Pop culture obsessives writing for the pop culture obsessed.
Pop culture obsessives writing for the pop culture obsessed.

The Following: “Teacher’s Pet”

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The Following, like everything, exists on two separate levels—the text and the subtext. Basic idea. Complicated execution. Text, you can control, as a creator. (And “text” doesn’t just apply to words; the camerawork and lighting and non-diegetic music are all part of the text.) Subtext is trickier, because subtext is everything you’re saying but not really saying; everything you’re saying through omission; everything that is implied.

There is a universe, maybe even this one, where I can see how the text of The Following is… fine. It’s not good television, but it’s a story that is suspenseful and fast-paced, and the acting, directing, and editing are not terrible. It’s not wholly impossible to imagine why people who find this kind of thing interesting would keep returning to it to watch more of it. It’s a show that rewards repeat viewers with promises of variations on the same few themes. It has a method that works, on some level.

It’s the subtext of the show that makes my skin crawl. It’s everything the show implies, as it goes around slitting throats and shoving blades into people’s defenseless abdomens. Every time I watch this show I am assaulted with and really at war with the insinuations it offers up.

It would be so much easier if this were a show willing to veer into straight camp, or to play horror with a straight face. It would be so much easier if this were a show that didn’t pretend to have an element of bureaucratic and institutional realism to it. This is suspense rather than horror; thrilling rather than gory. This is piano wire around the neck of the woman who made the “mistake” of walking to her car alone at night; this is stabbing the man who “stupidly” checked in on his dog before going to bed.

It is too real. Not about cults or serial killers. It knows nothing about either. No; about despair, about fear. About feeling that if something bad happens to someone, it is their fault. The Following is every idiot who argues that a woman shouldn’t have been wearing “that” before going out; every jackass who complains that victims of anything were “asking for it.” It’s such an easy stance to take, and we’ve all taken it at some point or another, but it misses the point. The bad guy. It is the bad guy’s fault.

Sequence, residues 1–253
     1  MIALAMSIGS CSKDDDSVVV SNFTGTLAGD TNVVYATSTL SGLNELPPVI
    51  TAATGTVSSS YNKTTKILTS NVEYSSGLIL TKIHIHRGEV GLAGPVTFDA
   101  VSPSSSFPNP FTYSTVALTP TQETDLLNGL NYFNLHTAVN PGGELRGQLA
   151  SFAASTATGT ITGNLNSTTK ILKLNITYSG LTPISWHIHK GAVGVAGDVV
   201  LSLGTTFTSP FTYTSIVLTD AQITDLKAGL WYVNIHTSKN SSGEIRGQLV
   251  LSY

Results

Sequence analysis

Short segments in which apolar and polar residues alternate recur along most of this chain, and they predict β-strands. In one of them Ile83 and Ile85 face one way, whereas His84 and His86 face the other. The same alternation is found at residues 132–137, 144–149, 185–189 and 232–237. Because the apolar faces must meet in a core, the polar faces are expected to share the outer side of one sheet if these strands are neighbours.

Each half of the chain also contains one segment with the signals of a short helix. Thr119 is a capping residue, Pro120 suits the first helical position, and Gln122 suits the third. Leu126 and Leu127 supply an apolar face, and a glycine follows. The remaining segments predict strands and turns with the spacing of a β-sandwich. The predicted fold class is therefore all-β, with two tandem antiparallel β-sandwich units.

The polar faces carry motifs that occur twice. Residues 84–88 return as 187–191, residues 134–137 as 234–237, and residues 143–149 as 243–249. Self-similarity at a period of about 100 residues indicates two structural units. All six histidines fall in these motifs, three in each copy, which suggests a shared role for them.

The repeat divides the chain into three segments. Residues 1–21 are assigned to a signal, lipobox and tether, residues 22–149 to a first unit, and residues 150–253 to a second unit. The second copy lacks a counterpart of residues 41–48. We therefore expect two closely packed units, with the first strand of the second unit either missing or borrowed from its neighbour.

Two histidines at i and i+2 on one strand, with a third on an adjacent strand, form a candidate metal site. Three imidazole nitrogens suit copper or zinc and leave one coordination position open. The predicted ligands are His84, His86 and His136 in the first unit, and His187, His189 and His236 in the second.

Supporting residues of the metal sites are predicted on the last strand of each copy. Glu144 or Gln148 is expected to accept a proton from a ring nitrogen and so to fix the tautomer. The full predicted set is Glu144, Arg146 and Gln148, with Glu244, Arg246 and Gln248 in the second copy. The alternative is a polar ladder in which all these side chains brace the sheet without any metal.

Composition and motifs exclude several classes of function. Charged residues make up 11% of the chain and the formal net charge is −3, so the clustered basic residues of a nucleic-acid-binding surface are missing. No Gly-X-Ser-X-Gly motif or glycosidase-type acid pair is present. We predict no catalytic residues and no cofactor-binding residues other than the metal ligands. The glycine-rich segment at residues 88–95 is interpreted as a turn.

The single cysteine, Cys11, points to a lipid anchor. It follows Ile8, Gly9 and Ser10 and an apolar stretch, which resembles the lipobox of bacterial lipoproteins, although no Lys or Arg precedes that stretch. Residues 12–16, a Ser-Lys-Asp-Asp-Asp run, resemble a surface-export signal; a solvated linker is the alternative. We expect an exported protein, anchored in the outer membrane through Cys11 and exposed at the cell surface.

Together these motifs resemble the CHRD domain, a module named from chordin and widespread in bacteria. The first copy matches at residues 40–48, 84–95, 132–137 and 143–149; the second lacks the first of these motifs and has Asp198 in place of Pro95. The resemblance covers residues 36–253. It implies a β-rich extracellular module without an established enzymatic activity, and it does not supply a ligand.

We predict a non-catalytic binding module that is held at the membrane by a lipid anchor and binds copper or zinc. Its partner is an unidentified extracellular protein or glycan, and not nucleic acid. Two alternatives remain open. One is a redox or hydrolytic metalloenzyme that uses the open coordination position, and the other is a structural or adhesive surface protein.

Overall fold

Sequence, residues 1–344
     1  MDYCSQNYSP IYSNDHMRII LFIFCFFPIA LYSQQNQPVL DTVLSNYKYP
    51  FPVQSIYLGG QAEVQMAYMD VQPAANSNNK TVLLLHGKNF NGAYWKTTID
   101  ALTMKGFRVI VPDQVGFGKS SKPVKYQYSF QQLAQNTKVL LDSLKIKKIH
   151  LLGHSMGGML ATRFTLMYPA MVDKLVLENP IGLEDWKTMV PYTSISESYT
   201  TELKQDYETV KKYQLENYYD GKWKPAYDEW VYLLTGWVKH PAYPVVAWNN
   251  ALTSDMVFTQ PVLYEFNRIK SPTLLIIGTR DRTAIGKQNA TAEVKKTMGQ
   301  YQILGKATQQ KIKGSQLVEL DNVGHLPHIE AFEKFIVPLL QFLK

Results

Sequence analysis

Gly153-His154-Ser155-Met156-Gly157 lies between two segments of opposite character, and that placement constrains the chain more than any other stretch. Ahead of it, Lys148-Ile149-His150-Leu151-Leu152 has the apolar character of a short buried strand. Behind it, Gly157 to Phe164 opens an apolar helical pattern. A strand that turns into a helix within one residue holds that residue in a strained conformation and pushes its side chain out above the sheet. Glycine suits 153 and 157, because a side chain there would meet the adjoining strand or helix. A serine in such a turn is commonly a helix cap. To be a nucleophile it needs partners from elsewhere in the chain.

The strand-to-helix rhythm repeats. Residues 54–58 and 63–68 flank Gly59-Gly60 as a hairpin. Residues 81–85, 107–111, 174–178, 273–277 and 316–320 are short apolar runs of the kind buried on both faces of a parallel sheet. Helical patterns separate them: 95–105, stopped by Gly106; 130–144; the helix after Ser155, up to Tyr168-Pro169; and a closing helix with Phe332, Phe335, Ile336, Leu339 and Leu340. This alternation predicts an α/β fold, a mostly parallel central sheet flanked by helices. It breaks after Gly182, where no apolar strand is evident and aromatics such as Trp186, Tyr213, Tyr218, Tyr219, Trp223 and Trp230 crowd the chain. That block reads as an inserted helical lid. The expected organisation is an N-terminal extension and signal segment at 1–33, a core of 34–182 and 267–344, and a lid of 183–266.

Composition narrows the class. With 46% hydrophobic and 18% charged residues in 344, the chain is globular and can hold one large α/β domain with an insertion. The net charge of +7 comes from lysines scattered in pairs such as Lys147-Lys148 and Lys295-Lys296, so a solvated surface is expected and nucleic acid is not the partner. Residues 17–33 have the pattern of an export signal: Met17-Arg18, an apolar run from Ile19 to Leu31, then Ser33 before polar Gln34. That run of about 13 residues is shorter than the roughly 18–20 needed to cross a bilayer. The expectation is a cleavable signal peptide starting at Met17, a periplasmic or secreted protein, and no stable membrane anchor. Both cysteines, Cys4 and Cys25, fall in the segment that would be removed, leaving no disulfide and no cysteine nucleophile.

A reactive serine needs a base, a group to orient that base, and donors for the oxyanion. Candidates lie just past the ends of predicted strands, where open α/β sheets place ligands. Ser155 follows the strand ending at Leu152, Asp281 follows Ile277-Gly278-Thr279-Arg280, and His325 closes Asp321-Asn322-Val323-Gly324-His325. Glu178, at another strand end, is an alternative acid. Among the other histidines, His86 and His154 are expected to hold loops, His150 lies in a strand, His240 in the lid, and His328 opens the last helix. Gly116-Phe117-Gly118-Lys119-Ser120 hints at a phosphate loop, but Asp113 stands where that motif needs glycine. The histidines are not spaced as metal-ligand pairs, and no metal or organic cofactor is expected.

In its gleeful pursuit of terror at all costs, The Following somehow mashes together good-guy, bad-guy, and blame into a cocktail of subtext that yields constant despair. Bureaucracies fail. Institutions fail. People die all the time. Women are routinely victimized; slim, pathetic rhetoric induces people to kill. I watched tonight’s episode, but I don’t really have anything to say about it, because nothing really happened. The unrelenting barrage of self-hatred continued.


I guess some people want to watch this? I don’t really know why. The only input I’ve gotten from people who enjoy The Following is that they find it thrilling or “fucked-up” or “exciting.” My guess is also that it probably confirms their worst suspicions about the world, and gives them excuse to keep on keeping on with their worldview. I don’t mean to be judgmental—we all need affirmations. But this is such a sad one to affirm. The Following is a show that encourages us to believe in nothing—or, short that, to believe only what we want to believe, because the rest of the world is too scary to contemplate.

The Following is not a show about death. It is a show about living in fear, and confirming your worst fears, and being smug and defeatist about it while slashing more throats.


Digression: I met a woman today whose sister and niece were murdered. Rather, I discovered this about a woman I have met once before. How do you handle that kind of information in a conversation? You don’t really. But we were talking about television, and she told me that used to watch crime procedurals obsessively, because she was trying to come to terms with murder, or maybe desensitize herself to it. It didn’t really work, and she stopped trying. She said she’s trying to find a sitcom that gets her to laugh more. (Also, she said she watches Parenthood. I pointed her to Friday Night Lights. What else could I do?)

Stray observations:

  • Sorry, no jokes this week. Feeling a little down.
  • How would you guys feel if I just started reviewing The Fosters in this space instead? Would anyone notice?
  • So, what’s the more desperate plot device: serial killers, or cults?
  • I never quite caught who the teacher’s pet was supposed to be.